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Denies detainees court { August 1 2002 }

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   http://www.washingtonpost.com/wp-dyn/articles/A28184-2002Jul31.html

http://www.washingtonpost.com/wp-dyn/articles/A28184-2002Jul31.html

Judge Denies Detainees in Cuba Access to U.S. Courts


By Neely Tucker
Washington Post Staff Writer
Thursday, August 1, 2002; Page A10


The 600 suspected terrorists being held at the U.S. naval base in Guantanamo Bay, Cuba, have no right to bring their cases to U.S. courts, a federal judge in Washington ruled yesterday in a decision that allows the government to continue holding the detainees indefinitely.

In a 34-page ruling, U.S. District Judge Colleen Kollar-Kotelly rejected efforts by 16 captives to end the government's policy of holding them without charges, access to lawyers or trial dates. It was the first time a U.S. judge had ruled on the merits of that practice.

Kollar-Kotelly ruled that although the men may have "some form of rights under international law," such as the Geneva Convention, their nationalities and their geographic location mean that they do not have the right to press their cases in U.S. courts.

"The court concludes that the military base at Guantanamo Bay, Cuba, is outside the sovereign territory of the United States. Given that . . . writs of habeas corpus are not available to aliens held outside the sovereign territory of the United States, this court does not have jurisdiction" to hear the case, she wrote.

Eugene Fidell, president of the National Institute of Military Justice, a Washington-based nonprofit legal organization that is not involved in the case, said Kollar-Kotelly's decision means that "the detainees have no meaningful access to U.S. courts."

"Unless this is overturned, any submissions from inmates at Guantanamo are going to be futile," Fidell said.

Lawyers for the plaintiffs -- two British nationals, two Australians and 12 Kuwaitis -- promised to appeal.

"None of the men in Guantanamo have been accused of anything," said Barbara Olshansky, assistant legal director for the Center for Constitutional Rights, a New York-based nonprofit organization representing Shafiq Rasul, a British national, and three other plaintiffs.

"The judge's decision is in error from many perspectives. She says they have access to international law, but it isn't clear how they would ever get it if they can never see their lawyers or have any form of due process. . . . The U.S. calls countries the world over to task for these sorts of abuses."

Monica Goodling, a spokeswoman for the Justice Department, said officials there were pleased with the judge's decision.

The administration has said it will treat the Guantanamo Bay captives in accordance with policies governing prisoners of war but has refused to give them that label because it would afford them a number of rights, including the right to be repatriated after the war is over.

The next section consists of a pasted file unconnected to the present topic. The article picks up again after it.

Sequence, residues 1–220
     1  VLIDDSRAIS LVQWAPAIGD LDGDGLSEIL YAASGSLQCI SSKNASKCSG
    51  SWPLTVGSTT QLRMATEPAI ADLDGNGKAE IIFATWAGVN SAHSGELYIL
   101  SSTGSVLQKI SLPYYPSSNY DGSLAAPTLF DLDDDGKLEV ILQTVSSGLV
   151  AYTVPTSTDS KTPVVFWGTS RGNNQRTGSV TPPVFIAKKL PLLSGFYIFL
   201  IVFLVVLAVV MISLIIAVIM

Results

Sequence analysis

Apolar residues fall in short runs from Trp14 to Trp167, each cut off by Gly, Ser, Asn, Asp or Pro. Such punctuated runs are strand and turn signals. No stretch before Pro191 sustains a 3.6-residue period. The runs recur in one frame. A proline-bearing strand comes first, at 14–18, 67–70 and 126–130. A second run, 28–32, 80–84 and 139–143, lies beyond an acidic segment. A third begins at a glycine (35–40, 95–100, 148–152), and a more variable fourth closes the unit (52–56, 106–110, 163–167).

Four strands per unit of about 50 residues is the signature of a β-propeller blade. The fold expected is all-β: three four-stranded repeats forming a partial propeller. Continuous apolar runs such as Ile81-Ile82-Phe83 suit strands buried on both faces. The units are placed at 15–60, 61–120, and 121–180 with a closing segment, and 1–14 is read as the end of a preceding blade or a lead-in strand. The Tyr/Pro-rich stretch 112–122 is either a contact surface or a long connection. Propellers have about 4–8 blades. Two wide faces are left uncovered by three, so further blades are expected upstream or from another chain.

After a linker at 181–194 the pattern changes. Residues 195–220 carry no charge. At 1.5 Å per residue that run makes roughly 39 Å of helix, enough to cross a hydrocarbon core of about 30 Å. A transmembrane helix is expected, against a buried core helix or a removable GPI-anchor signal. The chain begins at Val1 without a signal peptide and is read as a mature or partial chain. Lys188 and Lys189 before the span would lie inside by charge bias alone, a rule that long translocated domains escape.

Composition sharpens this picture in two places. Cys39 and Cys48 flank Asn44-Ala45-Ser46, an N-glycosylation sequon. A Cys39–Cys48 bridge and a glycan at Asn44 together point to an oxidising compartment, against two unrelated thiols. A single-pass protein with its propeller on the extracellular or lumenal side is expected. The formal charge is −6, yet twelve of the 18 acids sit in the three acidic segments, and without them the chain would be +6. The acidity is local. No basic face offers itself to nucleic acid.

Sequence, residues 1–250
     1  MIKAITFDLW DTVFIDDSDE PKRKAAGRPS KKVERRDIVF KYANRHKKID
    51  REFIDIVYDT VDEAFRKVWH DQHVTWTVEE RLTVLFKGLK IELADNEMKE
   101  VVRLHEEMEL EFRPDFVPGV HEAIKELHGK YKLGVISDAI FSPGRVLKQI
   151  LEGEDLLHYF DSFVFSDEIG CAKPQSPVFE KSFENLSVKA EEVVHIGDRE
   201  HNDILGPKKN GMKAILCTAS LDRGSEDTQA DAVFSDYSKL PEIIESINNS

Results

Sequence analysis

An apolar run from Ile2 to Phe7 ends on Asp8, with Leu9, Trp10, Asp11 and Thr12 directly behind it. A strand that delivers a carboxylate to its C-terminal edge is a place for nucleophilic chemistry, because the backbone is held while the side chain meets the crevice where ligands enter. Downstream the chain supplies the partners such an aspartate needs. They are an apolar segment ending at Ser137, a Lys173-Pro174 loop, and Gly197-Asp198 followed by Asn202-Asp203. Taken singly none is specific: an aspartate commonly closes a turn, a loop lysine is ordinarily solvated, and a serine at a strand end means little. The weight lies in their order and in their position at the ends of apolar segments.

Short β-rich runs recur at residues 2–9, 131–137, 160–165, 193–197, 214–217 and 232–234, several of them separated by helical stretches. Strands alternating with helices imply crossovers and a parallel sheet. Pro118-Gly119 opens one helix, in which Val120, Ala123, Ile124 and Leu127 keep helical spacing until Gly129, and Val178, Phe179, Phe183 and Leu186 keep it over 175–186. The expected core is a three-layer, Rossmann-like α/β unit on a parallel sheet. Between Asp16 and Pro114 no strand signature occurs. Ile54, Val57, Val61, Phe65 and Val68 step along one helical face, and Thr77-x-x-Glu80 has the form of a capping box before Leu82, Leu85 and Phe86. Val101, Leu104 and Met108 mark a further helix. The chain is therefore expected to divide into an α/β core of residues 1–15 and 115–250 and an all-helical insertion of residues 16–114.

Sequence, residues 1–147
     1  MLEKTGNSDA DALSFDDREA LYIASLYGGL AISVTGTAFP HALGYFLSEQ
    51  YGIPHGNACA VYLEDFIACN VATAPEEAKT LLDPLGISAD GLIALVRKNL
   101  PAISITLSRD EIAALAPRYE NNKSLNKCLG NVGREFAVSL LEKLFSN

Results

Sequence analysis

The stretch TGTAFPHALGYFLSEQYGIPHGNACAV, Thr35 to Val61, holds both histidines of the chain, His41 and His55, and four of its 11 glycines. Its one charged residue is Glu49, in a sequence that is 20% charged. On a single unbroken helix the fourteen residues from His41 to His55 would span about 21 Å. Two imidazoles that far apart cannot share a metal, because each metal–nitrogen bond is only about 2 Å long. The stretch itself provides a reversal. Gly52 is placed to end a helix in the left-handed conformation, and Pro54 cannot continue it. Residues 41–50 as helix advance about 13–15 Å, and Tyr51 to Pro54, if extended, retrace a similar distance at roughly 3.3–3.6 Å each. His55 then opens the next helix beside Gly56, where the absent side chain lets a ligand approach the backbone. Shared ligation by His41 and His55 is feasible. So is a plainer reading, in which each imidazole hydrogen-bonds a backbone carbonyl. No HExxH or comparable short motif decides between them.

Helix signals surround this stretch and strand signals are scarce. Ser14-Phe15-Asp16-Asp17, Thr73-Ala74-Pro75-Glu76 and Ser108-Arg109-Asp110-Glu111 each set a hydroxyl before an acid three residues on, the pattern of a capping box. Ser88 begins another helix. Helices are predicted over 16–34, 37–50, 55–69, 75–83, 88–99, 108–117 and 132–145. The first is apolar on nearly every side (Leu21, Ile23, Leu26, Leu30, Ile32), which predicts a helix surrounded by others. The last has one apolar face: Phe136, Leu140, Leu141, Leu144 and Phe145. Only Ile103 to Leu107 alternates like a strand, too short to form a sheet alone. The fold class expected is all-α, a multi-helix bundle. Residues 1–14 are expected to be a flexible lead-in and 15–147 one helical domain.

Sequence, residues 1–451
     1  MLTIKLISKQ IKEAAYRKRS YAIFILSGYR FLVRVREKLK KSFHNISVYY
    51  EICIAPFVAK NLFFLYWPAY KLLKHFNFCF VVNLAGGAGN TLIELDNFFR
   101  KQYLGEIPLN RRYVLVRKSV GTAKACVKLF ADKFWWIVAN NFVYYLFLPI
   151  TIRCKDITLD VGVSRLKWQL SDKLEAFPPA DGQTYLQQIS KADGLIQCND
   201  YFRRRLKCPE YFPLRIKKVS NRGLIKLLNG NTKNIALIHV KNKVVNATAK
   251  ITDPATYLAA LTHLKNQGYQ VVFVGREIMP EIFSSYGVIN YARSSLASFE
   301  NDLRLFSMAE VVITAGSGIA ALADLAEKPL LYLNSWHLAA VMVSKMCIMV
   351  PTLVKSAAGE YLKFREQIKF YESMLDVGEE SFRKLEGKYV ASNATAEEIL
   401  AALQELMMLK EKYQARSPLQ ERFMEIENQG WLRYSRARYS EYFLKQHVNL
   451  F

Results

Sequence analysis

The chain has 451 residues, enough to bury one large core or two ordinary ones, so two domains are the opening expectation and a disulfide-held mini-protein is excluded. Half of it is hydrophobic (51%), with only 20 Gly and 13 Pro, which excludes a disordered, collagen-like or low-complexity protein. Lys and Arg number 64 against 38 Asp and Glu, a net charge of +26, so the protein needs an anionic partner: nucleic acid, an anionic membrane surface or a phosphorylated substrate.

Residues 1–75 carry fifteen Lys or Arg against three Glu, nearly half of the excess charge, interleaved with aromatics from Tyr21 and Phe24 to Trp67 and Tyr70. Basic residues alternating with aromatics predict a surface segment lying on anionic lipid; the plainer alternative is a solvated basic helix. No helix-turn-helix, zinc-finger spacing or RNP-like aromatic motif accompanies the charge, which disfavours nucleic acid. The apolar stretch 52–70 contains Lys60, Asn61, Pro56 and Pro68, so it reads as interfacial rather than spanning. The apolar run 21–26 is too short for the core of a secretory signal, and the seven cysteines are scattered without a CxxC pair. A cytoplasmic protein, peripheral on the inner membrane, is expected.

The plaintiffs in the Guantanamo case have been held since they were captured in Afghanistan or Pakistan by U.S. forces who were pursuing Taliban or al Qaeda members.

Others captured in the war on terror have been treated in various ways. Zacarias Moussaoui, a French national apprehended in Minnesota and charged as a conspirator in the Sept. 11 attacks, is being tried in federal court in Alexandria. John Walker Lindh, an American captured in Afghanistan, also faced criminal charges there before he pleaded guilty last month.

Richard Reid, a British citizen who tried to blow up a jetliner over the Atlantic Ocean, is scheduled to be tried in federal court in Massachusetts.

Yaser Esam Hamdi, another American captured in Afghanistan and originally taken to Guantanamo Bay, is being held in a military brig in Norfolk. He has not been charged or allowed access to a lawyer. Jose Padilla, an American apprehended in Chicago as he was allegedly scouting targets in a plot to detonate a radioactive bomb, is being held in a South Carolina military prison without charges. Both men have been designated "enemy combatants" by President Bush.

Kollar-Kotelly based her ruling on Supreme Court precedent from the World War II era. In that case, Johnson v. Eisentrager, German spies were captured by allied forces in China after the Nazis surrendered but before Japan stopped fighting.

The Germans were tried and convicted of espionage by a U.S. military tribunal in China and sent to a prison in Germany that was, in the postwar days, under the command of a U.S. officer. The Germans appealed to U.S. courts but were ultimately rejected by a divided Supreme Court. The court ruled that they could not extend the writ of habeas corpus -- a judicial determination about the legality of an individual's custody -- to foreigners held outside the United States.

That opinion, Kollar-Kotelly ruled, applies to Guantanamo Bay, a military base that the United States leases from Cuba where nearly 600 captives are being held. The Navy has announced plans to expand the prison, known as Camp Delta, by an additional 204 cells.

Staff writer John Mintz contributed to this report.



2002 The Washington Post Company


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